Lost My Name, the London-based startup behind the hugely popular “The Little Boy/Girl Who Lost His/Her Name”, a personalised picture book for kids, has picked a $9 million Series A round. Google Ventures led the investment, along with Greycroft, The Chernin Group, Allen & Co, and former SunGard President and CEO Cris Conde.
The new capital will be used by Lost My Name to further scale the business globally — the investors are heavily skewed towards the U.S., even if Google Ventures now has an outpost in London — and for further R&D, creating a pipeline of future storytelling-based products, including the launch of a second, more ambitious personalised book.
So, what’s a group of tech VCs doing investing in a dead-tree book publisher, you may well ask? Well, a few reasons. Describing itself as a “full stack” storytelling and publishing startup, Lost My Name is heavily reliant on technology to control almost all the parts of its business.
Co-founder and CEO Asi Sharabi tells me this includes a bespoke e-commerce platform that enables it to personalise the kids storybook it sells on the fly; you get a live preview of the book, customised to change the story based on the child’s name you enter, further encouraging you to progress through the conversion funnel. It also has various printing partners around the world so that the company is able to operate on an on-demand and zero-inventory basis.
It’s this “vertically integrated operation,” which Sharabi likens to companies such as Warby Parker, that means Lost My Name controls most other aspects of its business processes in-house, from creating the stories, illustrations, to marketing and sales. The later has thus far relied mostly on performance marketing — its books are sold directly through its own website — as well as good old-fashioned word-of-mouth (or, in my case, I kept seeing Lost My Name pop up on my Twitter feed and made two subsequent and happy purchases for my girlfriend’s 3- and 4-year-old children).
The startup’s history is also noteworthy. It started off as a side project by Sharabi and his three co-founders in November 2012 after dissatisfaction with the existing and antiquated personalised kids book market, which tends to produce poor quality and “gimmicky” products. Seeing that the bar was set so low, the four of them embarked on producing something much better.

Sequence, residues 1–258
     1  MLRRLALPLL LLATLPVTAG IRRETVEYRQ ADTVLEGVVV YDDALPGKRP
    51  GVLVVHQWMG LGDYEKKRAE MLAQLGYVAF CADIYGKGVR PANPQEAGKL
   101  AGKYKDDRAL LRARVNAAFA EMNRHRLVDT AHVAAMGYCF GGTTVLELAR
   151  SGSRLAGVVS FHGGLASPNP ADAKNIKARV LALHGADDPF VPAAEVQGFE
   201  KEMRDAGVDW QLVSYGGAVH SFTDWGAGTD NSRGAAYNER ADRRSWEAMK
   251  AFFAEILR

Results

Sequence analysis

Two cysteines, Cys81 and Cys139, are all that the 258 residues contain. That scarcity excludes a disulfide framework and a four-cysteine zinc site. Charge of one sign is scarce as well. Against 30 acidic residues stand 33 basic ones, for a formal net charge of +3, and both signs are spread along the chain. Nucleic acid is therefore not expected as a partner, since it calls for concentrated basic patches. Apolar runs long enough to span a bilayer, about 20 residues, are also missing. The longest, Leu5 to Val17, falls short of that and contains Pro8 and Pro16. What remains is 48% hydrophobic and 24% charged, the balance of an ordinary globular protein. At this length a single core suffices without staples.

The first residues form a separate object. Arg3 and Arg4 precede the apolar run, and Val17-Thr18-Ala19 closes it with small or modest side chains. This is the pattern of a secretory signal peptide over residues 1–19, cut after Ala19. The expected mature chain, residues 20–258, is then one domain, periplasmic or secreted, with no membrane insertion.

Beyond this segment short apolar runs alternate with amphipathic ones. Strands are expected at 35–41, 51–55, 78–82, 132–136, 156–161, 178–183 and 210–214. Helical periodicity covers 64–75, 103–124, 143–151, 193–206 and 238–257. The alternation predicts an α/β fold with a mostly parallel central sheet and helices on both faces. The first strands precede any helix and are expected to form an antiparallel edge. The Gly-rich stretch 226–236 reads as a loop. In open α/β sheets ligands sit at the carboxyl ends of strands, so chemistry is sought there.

Then, to Sharabi’s surprise, Lost My Name began to sell pretty well. In fact, very well. By Christmas the company had sold 22,000 books. The following April it raised £500,000 led by Forward Partners at a £2.5 million valuation. An appearance on the BBC TV show Dragon’s Den led to further investment from Piers Linney, who invested £100,000 for 4 per cent equity. And to date, the startup has sold more than 600,000 copies of The Little Boy/Girl Who Lost His/Her Name in over 135 countries, resulting in the company being profitable.
Meanwhile, fundraise when you can, not when you need to, seems to be the mantra here. Sharabi was hesitant to focus on valuation “chest-beating,” and instead is most excited about Lost My Name’s second product, which will take personalised storytelling to the next level with technology that taps into third-party APIs for customisation of some of its content (I understand it has 14 people currently working on the next book).
However, he did concede that the timing was good with a relative abundance of capital available and plenty of offers on the table. The result is that the company believes it’s now in a very strong position to grow faster and invest significantly in R&D in order to keep creating “magical moments” for kids.